The Stat Guys Busting their Butts
APRIL 6, 2006 (8:30PM) -- Special thanks to Mark Chin for fixing and streamlining our entire stats process from the moment scoresheets get done to the moment they are inputted into the system. Mark is a full-time process consultant by trade, so he's helped big corporations with this kind of stuff. He is doing it for us on a volunteer basis.
We have Boun and Nome Khamnouane, Yih-Wei Chien, and Robert Her taking time out of their busy day to compile the scoresheets and hand-enter them onto our website. And we have a core group of about 4 teenage staff. Then there's Ken Wan, Mark Scates, Dave Chen, Mark Fang, Tim Villarruz, Darwin Lui, Yih-Wei again, and others (sorry for those of you I missed) who have stepped up with game-time scorekeeping assignments, which is the first step in the stats process. So let's take a moment to thank and applaud the people who are hard at work from soup to nuts.
Obviously, we remain dedicated in catching up on the stats (I'm a little taken aback that some of you would even think otherwise -- guess you are new to the Dream League legacy). It's not easy when our staff gets a tidal wave of 30 scoresheets every Sunday added to the ones on the To-Do pile.
The stats not at 100% does not mean we aren't busting our asses to finish them for you as you read this. In fact, it means we are over-worked. By the way, inputting stats has never been included in the fees since we started in 2002. The fees are determined by current gym and referee rates only. It's generally not financially possible for a community league to include a website and stats, otherwise every league out there would have them. So how are we able to do any smidgen of this? Because we're dedicated, man! Are you starting to get it?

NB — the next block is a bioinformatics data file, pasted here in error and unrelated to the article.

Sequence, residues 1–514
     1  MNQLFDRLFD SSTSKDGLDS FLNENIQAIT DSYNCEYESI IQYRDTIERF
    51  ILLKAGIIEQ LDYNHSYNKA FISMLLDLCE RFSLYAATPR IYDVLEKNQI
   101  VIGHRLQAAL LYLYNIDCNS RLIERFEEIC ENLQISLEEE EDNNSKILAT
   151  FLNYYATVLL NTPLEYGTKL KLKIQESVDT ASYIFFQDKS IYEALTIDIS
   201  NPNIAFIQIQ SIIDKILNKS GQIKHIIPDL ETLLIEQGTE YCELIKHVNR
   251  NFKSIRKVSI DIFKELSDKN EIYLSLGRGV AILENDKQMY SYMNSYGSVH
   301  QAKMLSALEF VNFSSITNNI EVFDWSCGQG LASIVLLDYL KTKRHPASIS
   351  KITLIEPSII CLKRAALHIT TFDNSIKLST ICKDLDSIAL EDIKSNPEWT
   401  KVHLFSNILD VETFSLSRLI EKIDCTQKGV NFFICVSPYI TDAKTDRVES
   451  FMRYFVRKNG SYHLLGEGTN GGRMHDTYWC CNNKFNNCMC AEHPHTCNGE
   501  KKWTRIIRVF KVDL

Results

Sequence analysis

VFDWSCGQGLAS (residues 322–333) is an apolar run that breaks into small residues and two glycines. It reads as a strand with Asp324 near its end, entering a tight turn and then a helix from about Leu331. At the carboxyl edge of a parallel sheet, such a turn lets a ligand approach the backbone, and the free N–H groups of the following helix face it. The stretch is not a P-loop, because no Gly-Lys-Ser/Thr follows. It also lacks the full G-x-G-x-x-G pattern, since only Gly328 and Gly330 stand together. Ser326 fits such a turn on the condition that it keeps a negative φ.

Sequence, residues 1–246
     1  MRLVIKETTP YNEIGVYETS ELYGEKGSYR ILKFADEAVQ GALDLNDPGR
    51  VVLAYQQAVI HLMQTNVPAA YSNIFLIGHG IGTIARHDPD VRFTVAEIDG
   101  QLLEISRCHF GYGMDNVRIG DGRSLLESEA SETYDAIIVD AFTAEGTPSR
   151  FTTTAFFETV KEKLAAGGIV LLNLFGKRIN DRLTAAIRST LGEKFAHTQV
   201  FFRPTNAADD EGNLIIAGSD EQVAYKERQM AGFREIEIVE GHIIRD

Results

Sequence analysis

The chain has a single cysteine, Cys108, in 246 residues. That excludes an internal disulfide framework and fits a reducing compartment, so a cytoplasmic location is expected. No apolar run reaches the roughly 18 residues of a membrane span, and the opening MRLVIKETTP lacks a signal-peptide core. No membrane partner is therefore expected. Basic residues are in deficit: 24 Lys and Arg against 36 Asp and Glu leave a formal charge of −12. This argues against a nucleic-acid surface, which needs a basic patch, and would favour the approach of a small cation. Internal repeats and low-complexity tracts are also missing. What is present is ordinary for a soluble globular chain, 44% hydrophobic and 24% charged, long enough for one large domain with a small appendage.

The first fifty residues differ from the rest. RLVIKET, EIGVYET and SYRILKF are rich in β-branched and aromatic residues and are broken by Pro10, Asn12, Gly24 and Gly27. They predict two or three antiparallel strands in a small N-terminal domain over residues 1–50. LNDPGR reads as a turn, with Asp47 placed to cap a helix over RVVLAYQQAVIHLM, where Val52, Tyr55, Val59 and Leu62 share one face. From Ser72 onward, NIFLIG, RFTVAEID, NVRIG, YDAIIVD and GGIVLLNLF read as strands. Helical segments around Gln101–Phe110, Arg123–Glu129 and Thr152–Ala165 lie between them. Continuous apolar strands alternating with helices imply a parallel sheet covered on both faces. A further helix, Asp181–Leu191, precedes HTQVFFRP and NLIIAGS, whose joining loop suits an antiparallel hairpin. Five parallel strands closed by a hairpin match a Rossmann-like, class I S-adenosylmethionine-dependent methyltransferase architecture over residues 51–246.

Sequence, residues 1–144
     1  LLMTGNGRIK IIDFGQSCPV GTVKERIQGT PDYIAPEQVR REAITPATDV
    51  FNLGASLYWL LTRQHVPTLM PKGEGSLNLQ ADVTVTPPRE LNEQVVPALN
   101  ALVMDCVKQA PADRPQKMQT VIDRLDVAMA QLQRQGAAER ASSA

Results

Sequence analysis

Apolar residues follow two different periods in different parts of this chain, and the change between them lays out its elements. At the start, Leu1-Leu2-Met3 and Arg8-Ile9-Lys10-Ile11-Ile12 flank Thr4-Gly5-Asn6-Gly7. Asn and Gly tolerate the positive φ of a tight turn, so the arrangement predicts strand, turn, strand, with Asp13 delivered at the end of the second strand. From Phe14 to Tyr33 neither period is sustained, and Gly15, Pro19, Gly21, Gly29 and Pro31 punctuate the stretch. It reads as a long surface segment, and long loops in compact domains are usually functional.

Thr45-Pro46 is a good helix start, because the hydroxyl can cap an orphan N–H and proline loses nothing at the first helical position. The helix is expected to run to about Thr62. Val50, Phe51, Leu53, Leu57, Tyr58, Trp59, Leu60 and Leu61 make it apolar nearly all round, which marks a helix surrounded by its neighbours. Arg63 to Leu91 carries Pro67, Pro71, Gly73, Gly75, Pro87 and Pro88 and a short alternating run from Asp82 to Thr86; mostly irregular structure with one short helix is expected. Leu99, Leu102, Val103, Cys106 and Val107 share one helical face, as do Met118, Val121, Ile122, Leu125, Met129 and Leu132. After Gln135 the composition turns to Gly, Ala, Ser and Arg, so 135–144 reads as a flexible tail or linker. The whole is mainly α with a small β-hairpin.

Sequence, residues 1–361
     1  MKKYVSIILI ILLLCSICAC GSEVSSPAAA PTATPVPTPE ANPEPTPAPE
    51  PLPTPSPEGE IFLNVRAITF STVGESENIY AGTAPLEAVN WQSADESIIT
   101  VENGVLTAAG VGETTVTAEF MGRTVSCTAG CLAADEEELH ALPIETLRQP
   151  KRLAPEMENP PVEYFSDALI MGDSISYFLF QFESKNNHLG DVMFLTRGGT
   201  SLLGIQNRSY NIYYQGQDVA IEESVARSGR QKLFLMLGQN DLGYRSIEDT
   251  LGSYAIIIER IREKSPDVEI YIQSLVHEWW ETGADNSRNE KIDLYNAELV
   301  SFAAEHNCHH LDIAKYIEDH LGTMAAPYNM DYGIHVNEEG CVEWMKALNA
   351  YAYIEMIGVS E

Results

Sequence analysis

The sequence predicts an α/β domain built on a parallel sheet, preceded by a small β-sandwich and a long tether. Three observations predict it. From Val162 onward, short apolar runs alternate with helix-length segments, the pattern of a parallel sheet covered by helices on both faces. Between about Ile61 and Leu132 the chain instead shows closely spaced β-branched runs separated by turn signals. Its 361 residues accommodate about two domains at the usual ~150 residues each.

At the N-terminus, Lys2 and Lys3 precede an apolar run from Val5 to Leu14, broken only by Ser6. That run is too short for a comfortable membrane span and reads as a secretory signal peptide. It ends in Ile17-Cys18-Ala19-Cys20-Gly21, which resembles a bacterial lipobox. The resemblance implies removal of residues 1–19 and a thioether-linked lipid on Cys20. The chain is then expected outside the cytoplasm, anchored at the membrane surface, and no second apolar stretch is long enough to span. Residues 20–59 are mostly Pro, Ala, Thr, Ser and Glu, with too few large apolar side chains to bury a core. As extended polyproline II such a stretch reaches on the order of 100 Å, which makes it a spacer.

So when people send an anonymous email that we can't a put a face or name on Sunday to, criticizing us or saying that stats is the only reason they joined the league, it starts to be not as fun for us anymore especially when we've been working our butts off to get everything else right. Chill out and enjoy the positives of the league, such as the experienced refs, shotclock, double-elimination playoffs, diversity of teams, stopped clock under two minutes -- do you know how hard it is to train a scorekeeper to do that on a consistent basis? Treat the stats as icing on the cake. If you find a better league out there for you that does every single stat every single week without fail, or writes more than an occasional article about your team, by all means go and play in that league and be happier, because we can't try any harder than we are already doing.